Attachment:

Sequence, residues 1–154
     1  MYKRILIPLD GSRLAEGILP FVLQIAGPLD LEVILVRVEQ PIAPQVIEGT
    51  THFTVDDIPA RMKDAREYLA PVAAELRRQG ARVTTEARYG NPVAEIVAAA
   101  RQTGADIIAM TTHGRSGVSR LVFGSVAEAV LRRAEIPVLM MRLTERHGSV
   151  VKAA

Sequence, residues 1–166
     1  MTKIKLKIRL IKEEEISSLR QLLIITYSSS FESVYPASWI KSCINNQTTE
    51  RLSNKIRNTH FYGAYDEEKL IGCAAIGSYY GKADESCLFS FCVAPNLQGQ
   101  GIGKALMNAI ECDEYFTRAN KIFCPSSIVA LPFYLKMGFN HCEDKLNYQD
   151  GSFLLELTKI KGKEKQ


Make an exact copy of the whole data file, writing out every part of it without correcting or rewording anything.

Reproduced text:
Sequence, residues 1–154
     1  MYKRILIPLD GSRLAEGILP FVLQIAGPLD LEVILVRVEQ PIAPQVIEGT
    51  THFTVDDIPA RMKDAREYLA PVAAELRRQG ARVTTEARYG NPVAEIVAAA
   101  RQTGADIIAM TTHGRSGVSR LVFGSVAEAV LRRAEIPVLM MRLTERHGSV
   151  VKAA

Sequence, residues 1–166
     1  MTKIKLKIRL IKEEEISSLR QLLIITYSSS FESVYPASWI KSCINNQTTE
    51  RLSNKIRNTH FYGAYDEEKL IGCAAIGSYY GKADESCLFS FCVAPNLQGQ
   101  GIGKALMNAI ECDEYFTRAN KIFCPSSIVA LPFYLKMGFN HCEDKLNYQD
   151  GSFLLELTKI KGKEKQ